VFOLD CROSSVALIDATION IMPROVED: VFOLD PENALIZATION
 SUBMITTED TO THE ANNALS OF STATISTICS
, 2008
"... We study the efficiency of Vfold crossvalidation (VFCV) for model selection from the nonasymptotic viewpoint, and suggest an improvement on it, which we call “Vfold penalization”. Considering a particular (though simple) regression problem, we prove that VFCV with a bounded V is suboptimal for m ..."
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Cited by 5 (2 self)
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We study the efficiency of Vfold crossvalidation (VFCV) for model selection from the nonasymptotic viewpoint, and suggest an improvement on it, which we call “Vfold penalization”. Considering a particular (though simple) regression problem, we prove that VFCV with a bounded V is suboptimal for model selection, because it “overpenalizes ” all the more that V is large. Hence, asymptotic optimality requires V to go to infinity. However, when the signaltonoise ratio is low, it appears that overpenalizing is necessary, so that the optimal V is not always the larger one, despite of the variability issue. This is confirmed by some simulated data. In order to improve on the prediction performance of VFCV, we define a new model selection procedure, called “Vfold penalization” (penVF). It is a Vfold subsampling version of Efron’s bootstrap penalties, so that it has the same computational cost as VFCV, while being more flexible. In a heteroscedastic regression framework, assuming the models to have a particular structure, we prove that penVF satisfies a nonasymptotic oracle inequality with a leading constant that tends to 1 when the sample size goes to infinity. In particular, this implies adaptivity to the smoothness of the regression function, even with a highly heteroscedastic noise. Moreover, it is easy to overpenalize with penVF, independently from the V parameter. A simulation study shows that this results in a significant improvement on VFCV in nonasymptotic situations.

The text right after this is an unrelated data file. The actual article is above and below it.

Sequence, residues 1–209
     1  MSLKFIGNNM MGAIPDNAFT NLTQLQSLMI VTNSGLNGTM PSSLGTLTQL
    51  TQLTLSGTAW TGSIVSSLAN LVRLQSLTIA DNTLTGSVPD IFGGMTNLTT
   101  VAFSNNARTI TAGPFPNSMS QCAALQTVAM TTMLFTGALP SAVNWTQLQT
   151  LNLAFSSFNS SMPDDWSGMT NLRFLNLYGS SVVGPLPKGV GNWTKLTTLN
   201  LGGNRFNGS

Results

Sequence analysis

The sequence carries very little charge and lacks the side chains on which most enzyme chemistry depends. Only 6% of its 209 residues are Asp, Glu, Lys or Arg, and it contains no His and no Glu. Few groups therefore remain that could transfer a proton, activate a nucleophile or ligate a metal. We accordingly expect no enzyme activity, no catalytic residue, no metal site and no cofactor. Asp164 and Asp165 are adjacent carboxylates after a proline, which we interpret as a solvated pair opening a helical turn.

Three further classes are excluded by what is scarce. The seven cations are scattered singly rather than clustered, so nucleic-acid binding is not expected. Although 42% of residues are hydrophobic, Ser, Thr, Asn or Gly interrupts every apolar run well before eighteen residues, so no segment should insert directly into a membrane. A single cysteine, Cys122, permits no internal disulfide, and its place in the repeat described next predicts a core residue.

Density estimation via crossvalidation: Model selection point of view
, 2009